As a busy real estate professional, it’s easy to get caught up in long hours at work. When you add in family demands and other commitments, you may start to feel like a stranger living in your own neighborhood. Getting to know your neighborhood better can have some surprising dividends. It’s a good way to keep your fingers on the pulse of real estate transactions in your area, plus you can make new friends and possibly meet some potential new clients. If you’re not as familiar with your neighborhood as you’d like to be, here are some things to try:
Get out and about.
You’re not going to get to know your neighborhood and neighbors by staying inside behind closed doors. Make it a point to take your dogs for walk, play with your children in the yard, or sit outside on your front porch.
Walk more than drive.
Leave your car in the garage when you can, and walk to run errands or just for exercise. As you walk, wave when you see neighbors in their yards, and stop for a quick chat. It’s also easy to stop and talk with people when you’re riding a bike.
Patronize neighborhood businesses.
Instead of driving across town to dine, eat meals at your local café. Use nearby bank branches, dry cleaners, and pharmacies. You’ll stand a better chance of interacting with people you know when you do business close to home.
Research your community’s needs and join volunteer groups or organize one yourself. For example, you could clean up and plant around neighborhood signs, start a garden club, or help plan a holiday parade or neighborhood picnic. Take the initiative and target your volunteer time to help benefit the blocks where you live.
Read about and understand issues that affect your neighborhood.
Stay keyed into local news and how your neighborhood could be impacted by proposed laws, upcoming elections, planned development, or crime statistics. Local issues can affect the quality of life in your neighborhood and sometimes even property values.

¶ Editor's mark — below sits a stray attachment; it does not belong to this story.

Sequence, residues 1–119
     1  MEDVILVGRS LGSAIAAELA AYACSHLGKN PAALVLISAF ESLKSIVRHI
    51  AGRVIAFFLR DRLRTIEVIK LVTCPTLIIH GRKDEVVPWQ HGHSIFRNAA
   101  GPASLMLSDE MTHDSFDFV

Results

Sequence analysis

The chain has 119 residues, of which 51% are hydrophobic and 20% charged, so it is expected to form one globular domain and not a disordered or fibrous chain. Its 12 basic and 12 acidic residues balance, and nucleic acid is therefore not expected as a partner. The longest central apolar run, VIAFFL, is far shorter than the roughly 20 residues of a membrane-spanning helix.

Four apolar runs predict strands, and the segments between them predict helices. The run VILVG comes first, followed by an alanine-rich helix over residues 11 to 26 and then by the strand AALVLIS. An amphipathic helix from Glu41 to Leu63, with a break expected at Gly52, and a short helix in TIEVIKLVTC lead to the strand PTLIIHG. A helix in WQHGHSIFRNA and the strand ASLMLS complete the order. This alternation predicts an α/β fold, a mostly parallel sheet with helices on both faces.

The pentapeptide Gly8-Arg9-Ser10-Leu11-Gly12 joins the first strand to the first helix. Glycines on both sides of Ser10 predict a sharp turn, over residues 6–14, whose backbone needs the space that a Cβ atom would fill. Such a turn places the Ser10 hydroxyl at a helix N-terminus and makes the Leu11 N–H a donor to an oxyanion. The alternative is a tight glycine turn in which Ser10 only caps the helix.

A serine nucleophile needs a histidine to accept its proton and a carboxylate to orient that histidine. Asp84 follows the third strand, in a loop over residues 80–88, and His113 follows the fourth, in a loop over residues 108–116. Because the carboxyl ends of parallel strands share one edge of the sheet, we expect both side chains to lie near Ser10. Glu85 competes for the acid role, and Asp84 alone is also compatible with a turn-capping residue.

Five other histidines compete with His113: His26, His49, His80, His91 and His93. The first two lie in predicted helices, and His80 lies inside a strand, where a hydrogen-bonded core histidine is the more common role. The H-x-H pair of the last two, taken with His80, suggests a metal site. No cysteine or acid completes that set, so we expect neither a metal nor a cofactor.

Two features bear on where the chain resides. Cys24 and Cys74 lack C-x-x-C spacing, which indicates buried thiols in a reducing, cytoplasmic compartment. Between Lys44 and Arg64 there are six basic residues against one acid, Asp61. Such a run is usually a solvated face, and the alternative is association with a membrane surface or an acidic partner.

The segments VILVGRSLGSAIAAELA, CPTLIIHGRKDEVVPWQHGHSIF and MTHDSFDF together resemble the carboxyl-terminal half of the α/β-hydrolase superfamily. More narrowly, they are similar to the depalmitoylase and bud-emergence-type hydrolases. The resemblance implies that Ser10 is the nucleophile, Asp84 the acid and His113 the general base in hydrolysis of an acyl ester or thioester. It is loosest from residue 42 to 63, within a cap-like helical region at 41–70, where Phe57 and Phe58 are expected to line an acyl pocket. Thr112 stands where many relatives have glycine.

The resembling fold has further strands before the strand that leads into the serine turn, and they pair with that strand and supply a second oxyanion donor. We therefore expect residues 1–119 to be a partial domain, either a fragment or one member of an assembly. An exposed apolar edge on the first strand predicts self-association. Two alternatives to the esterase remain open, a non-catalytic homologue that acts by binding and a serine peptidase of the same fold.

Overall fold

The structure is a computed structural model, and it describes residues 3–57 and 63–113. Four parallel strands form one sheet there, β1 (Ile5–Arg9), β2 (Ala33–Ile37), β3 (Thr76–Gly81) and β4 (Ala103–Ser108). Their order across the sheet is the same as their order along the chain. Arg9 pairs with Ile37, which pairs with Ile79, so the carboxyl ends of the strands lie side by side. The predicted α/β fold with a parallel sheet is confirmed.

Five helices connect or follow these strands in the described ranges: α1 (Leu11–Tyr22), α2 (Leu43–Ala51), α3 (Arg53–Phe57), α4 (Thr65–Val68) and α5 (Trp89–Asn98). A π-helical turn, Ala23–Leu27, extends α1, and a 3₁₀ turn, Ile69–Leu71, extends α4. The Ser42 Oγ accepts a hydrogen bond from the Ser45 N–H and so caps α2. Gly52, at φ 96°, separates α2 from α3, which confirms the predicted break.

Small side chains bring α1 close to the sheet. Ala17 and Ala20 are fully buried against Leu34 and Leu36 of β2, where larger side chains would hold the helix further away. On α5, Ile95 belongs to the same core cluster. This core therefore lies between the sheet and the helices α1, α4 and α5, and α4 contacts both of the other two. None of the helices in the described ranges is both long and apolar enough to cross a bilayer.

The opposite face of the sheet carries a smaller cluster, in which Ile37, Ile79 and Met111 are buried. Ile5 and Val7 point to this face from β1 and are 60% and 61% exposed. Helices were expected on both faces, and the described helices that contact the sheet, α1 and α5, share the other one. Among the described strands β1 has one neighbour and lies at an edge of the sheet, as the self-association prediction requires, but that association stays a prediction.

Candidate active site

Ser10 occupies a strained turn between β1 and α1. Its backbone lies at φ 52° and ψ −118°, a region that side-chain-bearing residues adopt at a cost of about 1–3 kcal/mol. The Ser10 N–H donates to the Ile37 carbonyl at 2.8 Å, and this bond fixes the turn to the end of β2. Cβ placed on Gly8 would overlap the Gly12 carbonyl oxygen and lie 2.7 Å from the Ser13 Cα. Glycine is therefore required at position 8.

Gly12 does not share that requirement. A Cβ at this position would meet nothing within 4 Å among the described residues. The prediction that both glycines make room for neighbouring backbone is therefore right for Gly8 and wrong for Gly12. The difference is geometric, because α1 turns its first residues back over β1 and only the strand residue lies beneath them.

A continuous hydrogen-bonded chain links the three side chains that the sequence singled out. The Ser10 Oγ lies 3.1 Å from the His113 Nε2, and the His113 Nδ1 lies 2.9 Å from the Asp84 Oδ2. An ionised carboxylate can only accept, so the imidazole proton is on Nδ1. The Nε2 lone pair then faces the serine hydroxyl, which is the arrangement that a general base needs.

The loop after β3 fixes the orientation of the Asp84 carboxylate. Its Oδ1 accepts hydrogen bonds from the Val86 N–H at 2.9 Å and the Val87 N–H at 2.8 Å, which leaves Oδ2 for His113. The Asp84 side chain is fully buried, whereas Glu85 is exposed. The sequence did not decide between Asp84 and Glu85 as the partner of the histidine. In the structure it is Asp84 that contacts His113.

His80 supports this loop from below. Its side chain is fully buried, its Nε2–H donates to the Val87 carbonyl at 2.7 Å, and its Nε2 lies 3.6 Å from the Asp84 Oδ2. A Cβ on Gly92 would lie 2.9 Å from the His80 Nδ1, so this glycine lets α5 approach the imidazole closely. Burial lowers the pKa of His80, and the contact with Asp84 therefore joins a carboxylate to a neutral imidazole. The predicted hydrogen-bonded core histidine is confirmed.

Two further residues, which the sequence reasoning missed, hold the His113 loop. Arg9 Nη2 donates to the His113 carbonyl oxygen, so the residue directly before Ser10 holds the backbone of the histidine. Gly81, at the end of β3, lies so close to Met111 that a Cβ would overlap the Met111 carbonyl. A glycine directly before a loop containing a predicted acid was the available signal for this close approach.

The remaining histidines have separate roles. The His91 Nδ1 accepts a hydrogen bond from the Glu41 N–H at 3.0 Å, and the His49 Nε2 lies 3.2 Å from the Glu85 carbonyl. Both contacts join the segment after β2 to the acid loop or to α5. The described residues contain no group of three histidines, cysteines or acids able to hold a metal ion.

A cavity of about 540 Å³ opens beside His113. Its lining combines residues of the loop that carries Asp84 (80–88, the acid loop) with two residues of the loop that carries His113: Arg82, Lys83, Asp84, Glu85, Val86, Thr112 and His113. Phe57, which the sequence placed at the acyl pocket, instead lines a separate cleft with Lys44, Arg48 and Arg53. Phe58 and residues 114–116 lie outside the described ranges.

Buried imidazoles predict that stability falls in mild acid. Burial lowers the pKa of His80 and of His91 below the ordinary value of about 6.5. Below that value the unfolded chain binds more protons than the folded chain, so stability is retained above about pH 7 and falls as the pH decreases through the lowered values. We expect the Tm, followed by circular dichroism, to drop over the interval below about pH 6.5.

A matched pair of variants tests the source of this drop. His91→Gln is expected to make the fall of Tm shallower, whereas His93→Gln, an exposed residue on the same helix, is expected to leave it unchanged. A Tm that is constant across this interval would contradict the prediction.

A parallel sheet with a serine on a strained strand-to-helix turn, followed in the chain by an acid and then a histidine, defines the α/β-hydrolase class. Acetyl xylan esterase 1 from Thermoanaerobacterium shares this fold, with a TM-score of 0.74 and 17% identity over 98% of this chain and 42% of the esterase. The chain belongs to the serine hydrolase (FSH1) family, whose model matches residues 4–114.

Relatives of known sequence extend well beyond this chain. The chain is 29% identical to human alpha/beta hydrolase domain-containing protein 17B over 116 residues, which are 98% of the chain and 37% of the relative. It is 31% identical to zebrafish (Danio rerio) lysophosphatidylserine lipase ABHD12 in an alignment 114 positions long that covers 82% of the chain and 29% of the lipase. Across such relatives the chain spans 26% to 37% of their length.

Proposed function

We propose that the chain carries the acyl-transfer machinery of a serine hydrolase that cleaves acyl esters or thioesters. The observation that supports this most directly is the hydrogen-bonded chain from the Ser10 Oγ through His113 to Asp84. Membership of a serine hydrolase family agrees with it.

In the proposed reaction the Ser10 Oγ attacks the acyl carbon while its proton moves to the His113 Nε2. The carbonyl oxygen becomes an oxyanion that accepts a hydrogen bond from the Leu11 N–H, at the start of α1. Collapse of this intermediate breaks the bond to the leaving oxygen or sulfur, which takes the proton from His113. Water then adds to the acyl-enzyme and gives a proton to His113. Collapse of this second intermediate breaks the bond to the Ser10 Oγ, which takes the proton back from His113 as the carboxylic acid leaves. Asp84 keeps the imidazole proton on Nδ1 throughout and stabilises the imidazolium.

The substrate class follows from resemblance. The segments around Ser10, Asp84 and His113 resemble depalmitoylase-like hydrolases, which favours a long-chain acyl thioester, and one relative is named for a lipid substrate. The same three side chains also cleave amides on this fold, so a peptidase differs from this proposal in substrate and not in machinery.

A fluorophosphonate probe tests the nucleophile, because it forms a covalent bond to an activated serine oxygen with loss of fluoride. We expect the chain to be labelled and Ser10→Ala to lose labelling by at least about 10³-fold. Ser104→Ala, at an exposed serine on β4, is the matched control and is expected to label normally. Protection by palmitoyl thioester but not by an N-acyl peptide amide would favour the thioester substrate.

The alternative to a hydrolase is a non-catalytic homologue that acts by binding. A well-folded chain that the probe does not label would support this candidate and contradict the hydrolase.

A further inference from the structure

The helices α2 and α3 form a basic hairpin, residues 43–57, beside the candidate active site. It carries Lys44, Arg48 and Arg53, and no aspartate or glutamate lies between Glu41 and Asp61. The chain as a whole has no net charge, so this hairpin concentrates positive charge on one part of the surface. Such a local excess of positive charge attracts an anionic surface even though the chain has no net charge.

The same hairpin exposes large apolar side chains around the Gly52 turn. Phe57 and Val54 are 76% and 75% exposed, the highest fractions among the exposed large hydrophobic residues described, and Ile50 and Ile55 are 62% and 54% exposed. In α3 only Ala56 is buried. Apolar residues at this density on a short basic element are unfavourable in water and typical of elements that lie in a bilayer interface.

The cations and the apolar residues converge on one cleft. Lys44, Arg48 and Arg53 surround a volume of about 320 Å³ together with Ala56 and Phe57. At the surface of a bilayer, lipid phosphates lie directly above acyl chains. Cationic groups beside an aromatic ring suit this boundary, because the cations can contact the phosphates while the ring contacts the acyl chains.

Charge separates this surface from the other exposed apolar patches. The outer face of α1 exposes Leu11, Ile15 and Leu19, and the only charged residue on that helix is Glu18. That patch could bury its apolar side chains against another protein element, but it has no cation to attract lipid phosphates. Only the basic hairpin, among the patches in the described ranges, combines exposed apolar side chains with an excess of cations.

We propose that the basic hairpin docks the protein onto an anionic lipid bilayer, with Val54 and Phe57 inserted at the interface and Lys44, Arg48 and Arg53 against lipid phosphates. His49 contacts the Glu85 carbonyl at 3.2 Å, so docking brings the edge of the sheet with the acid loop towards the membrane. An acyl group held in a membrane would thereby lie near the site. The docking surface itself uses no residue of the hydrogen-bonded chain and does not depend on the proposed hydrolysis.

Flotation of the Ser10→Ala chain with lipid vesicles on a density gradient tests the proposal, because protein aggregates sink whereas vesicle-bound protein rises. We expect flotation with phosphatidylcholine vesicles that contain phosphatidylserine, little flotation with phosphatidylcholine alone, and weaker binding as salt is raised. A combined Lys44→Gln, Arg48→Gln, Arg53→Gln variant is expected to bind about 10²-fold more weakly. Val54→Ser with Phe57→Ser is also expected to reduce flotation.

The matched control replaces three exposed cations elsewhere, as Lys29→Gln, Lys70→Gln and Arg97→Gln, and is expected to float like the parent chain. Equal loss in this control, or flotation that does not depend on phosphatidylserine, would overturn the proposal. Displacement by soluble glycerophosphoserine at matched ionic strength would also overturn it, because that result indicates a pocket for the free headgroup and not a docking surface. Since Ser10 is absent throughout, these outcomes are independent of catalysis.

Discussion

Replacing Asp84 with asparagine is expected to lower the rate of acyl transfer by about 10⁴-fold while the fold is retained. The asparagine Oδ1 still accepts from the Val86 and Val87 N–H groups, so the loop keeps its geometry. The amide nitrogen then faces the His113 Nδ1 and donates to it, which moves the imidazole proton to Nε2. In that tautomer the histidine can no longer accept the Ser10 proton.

Attend garage and yard sales.
Tag sales are great ways to meet the neighbors who are selling items as well as neighbors who are shopping. You might also end up with some bargain purchases in the process.
Invite people over to your house.
You don’t have to go to the expense and trouble of a fancy dinner party to entertain your neighbors. Plan an outdoor party or cookout with a relaxed atmosphere and fun games, or invite neighbors over on a weekend morning for coffee, juice, and donuts. You can even make it potluck so that everyone brings something. Conversation should be easy – after all, you already have something in common.
Getting to know your neighborhood and neighbors better can have many social and practical advantages. It’s a good feeling to walk or drive down your street, waving at neighbors and knowing their names. It’s an even better feeling when they wave back and and remember your name, too. When clients are interested in your neighborhood, it’s helpful to be able speak with familiarity and first-hand knowledge about living there.